The U.S. Department of Justice unsealed an indictment last week alleging a New York man attempted to fix an NCAA Division I college basketball game in December 2018.
Benjamin Bifalco, 25, of Staten Island, New York, is accused of offering members of a college basketball team "thousands of dollars to intentionally lose the game," according to a news release from the Eastern District of New York U.S. Attorney's Office.
The school and players were not identified in the indictment.
Bifalco is charged with attempted sports bribery. Bifalco's attorney, Vincent Martinelli, declined to comment when reached by ESPN.
Bifalco was caught on a wiretap discussing the scheme with Joseph Amato Jr., one of 20 defendants who were arrested Thursday and charged with crimes in a wide-ranging investigation targeting the Colombo crime family.
On a series of intercepted calls, Bifalco laid out his plans to fix the unidentified game and encouraged Amato Jr. to place thousands of dollars in bets on the game, according to the indictment. Amato sent two texts to defendant Thomas Scorcia before the targeted game: "Ok I wouldn't trust the game I was telling u about" and "I'm not touching it personally," the government filing stated.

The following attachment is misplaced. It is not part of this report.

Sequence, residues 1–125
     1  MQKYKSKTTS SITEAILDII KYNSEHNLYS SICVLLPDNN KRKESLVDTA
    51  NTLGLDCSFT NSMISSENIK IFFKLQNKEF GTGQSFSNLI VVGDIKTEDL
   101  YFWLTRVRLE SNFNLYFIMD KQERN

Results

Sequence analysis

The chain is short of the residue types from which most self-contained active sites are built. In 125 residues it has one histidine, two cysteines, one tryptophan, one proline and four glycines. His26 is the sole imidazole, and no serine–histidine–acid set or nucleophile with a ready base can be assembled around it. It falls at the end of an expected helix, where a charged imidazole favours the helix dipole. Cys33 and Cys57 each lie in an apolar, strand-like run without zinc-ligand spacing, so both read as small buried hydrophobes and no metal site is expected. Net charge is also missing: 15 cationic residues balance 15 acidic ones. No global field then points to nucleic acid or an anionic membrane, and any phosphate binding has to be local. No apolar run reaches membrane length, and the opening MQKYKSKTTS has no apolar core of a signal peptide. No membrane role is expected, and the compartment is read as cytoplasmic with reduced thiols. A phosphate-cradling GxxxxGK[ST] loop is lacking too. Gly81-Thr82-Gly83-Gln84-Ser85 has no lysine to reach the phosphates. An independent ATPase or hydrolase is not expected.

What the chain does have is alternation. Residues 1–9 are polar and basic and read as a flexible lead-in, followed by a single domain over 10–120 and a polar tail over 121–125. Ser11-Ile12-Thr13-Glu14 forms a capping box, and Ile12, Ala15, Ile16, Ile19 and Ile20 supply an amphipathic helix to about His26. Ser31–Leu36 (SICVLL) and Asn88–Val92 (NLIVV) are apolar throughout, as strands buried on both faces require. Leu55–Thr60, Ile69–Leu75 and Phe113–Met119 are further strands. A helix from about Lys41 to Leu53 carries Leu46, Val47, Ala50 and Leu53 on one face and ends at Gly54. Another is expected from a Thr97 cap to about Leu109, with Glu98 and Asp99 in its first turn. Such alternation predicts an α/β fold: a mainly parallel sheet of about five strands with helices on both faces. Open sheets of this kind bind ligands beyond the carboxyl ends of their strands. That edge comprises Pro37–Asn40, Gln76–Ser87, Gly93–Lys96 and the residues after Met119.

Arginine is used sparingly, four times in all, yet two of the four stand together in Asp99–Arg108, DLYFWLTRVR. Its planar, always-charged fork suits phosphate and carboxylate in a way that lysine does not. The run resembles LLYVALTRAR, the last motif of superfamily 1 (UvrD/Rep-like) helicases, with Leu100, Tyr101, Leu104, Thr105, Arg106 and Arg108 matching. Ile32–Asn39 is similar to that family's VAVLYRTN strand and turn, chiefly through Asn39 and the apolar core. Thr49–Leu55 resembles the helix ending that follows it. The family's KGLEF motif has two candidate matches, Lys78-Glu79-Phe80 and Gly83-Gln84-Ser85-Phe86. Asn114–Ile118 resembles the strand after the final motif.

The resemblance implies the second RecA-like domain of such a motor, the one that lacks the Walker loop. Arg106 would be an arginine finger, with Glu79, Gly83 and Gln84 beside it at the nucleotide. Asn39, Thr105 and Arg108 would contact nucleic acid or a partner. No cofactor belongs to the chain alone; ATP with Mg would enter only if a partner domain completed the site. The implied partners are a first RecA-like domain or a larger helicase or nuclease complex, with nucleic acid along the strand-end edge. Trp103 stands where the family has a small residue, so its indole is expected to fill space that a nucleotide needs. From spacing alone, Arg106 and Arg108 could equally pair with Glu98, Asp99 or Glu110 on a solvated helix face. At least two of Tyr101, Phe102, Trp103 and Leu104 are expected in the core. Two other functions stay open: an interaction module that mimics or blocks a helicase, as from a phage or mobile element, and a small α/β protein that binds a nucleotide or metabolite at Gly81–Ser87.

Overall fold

The indictment notes that the "favored team did not cover the spread and the bets would not have been winning ones."
College basketball has been targeted in multiple point-shaving and game-fixing scandals for decades. Most recently, former Auburn point guard Varez Ward was arrested in June 2013 on allegations that he attempted to fix a game between the Tigers and Arkansas.
"Today's indictment and arrest of an individual for attempting to fix the outcome of a December 2018 college basketball game reinforces that game-manipulation threats and risks are real and ever-present," the NCAA said in a statement. "We are actively monitoring the situation, which is a part of the criminal process, and will respond accordingly if it is determined that NCAA rules were violated."
In May 2018, the U.S. Supreme Court struck down a federal statute that had restricted state-sponsored sports betting to primarily Nevada. Since the ruling, legal sportsbooks have begun operating in 11 states outside of Nevada, including New York.